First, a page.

Coming down from the trek was bittersweet. On one hand, we were looking forward to being back in ‘civilization’…aka, proper coffee, hot showers and food other than noodles and lentils. On the other hand, we were sad to say goodbye to the fresh air, peacefulness and serenity of the Himalayas, something only nature and rural areas can provide.
We finished off our trek in the town of Jomsom. Some travellers choose to continue for another week on roads which, due to blasting and construction, are now filled with buses and jeeps. We opted for the daring bus ride down the mountain, which took 13 hours teetering on some of the sheerest cliffsides we’ve ever seen.
Our bus trying to pass another bus on the very narrow, very steep cliffs. Coming from Johmson to Pokhara, Nepal . Bus ride to Pokhara from Jomsom, Nepal
We managed to make it to Pokhara in one piece with our new friends from the trek: Suzie and Jordan (Canada) and Matt and Clare (England). We were also going to reunite with Toni and Bernie. We all stayed at the same guesthouse, Lotus Guesthouse, and therefore we were always meeting up on the balcony, garden or each others rooms to have some drinks and chats. The 8 of us had one “big” night out…and and by “big”, I mean, we were home by 11:30. The Government has issued a law that all bars and restaurants must be closed by 11:00pm. Even so, we had a great night out playing pool, foosball, smoking sheesha pipe, drinking cocktails and listening to a Nepali cover band playing Western songs!
the girls enjoying a sheesha pipe in Pokhara, Nepal
We ended up staying in Pokhara for two weeks. We enjoyed the small city, relaxing by the lake, hanging out with our friends, eating delicious food and having our morning Americano coffee. Other than going for a few walks, renting a canoe one day and having a picnic on the shores of Phew Tal (the lake), we just had lots of down time.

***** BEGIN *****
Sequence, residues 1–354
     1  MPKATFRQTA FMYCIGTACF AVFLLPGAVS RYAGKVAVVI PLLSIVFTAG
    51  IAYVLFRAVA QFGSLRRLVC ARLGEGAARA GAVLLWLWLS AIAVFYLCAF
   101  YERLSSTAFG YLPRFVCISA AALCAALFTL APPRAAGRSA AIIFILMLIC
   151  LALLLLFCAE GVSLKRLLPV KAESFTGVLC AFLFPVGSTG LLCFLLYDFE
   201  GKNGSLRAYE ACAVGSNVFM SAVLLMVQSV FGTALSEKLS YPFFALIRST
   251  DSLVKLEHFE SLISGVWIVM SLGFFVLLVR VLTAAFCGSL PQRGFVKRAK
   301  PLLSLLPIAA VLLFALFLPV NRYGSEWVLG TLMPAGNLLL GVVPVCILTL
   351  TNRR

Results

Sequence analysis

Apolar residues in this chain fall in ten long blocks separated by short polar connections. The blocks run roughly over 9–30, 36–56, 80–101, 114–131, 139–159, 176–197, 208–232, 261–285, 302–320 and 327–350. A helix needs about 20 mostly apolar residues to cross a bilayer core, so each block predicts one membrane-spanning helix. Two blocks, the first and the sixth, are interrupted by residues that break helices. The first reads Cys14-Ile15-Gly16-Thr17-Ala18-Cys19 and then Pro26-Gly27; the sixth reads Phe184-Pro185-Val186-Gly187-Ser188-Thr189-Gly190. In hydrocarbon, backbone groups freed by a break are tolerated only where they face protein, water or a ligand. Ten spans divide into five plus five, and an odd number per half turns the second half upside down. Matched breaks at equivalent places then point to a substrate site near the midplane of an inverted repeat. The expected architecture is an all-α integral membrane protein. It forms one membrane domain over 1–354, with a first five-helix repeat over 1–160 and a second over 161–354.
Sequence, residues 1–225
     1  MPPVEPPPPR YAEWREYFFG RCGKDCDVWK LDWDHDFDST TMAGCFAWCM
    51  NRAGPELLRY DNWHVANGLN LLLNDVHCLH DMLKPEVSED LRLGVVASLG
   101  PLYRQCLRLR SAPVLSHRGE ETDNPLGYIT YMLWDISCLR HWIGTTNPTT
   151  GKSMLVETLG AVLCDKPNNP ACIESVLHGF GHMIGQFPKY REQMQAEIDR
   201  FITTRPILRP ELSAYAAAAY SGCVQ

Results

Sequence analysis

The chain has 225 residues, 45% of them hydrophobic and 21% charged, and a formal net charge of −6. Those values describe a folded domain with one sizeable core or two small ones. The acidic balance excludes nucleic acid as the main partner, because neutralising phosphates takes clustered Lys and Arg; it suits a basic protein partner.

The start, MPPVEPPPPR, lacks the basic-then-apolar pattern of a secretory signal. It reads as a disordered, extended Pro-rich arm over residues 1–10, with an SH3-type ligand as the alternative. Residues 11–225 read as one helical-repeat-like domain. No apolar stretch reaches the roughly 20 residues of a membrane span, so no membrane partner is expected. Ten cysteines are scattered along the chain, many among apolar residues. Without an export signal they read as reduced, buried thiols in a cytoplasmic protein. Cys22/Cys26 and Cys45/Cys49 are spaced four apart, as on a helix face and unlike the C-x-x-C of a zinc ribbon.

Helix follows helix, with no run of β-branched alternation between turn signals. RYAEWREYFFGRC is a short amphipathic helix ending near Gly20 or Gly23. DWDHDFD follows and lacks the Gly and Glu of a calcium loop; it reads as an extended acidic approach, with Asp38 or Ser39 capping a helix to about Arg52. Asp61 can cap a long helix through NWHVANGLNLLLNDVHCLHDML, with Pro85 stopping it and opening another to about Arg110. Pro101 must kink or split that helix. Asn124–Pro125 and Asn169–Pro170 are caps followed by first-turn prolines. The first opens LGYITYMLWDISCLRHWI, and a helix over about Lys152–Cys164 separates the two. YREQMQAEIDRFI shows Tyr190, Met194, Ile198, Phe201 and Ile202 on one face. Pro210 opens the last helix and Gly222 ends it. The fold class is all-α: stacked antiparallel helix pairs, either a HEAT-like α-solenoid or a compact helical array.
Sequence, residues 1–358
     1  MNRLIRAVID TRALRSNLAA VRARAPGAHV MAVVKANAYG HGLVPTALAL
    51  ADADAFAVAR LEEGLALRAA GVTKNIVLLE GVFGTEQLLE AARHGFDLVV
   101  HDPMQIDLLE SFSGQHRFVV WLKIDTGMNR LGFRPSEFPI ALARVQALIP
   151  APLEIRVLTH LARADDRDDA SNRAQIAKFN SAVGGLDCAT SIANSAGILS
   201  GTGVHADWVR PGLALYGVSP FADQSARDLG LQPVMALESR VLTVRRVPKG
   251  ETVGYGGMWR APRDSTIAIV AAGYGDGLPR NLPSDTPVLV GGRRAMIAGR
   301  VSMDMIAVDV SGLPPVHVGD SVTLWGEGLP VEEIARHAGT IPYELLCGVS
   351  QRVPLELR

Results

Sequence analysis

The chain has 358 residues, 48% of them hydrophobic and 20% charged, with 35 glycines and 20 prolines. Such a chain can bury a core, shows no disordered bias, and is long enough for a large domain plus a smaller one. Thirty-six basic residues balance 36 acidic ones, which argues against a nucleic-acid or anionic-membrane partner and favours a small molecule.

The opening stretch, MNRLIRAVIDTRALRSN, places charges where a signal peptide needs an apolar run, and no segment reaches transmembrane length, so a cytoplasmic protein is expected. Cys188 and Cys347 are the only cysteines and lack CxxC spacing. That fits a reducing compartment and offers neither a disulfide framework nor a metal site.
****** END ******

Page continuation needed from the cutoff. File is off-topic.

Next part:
a friendly Praying Mantis, Pokhara Lake, Nepal…a new symbol for Canada?!
We were definitely getting antsy and ready to leave by the two week mark in this ultra relaxed city. We made our way back to Kathmandu and spent a few days there enjoying some of the sights that we didn’t see the first time around. Walking the old, busy streets is entertainment in itself and even just having a coffee/tea and people watching is a great way to spend a day.
Nick at the coffee shop in Kathmandu, Nepal
One day we did manage to break away from the coffee shop and went to see Durbar Square, the place where Kathmandu’s Kings once ruled from. We spent hours sitting high up on temples built in the 17th century and enjoying the sights and sounds down below us. This area was a perfect example of traditional Nepali architecture and we enjoyed strolling around and taking it all in.
Durbar Square, Kathmandu Nepal
After 5 very memorable weeks in Nepal, it was time to pack up and say goodbye. The people of this country were some of the friendliest (if not the friendliest) we’ve come across in our travels. Every person we interacted with was kind, peaceful and gentle; and in my experience, that is something very special and rare. We enjoyed everything about Nepal, but in particular we will never forget the breathtaking Himalaya Mountains and our experience trekking through the highest peaks in the world. It will remain as one of the best memories of our lives. Dhanyabad Nepal.
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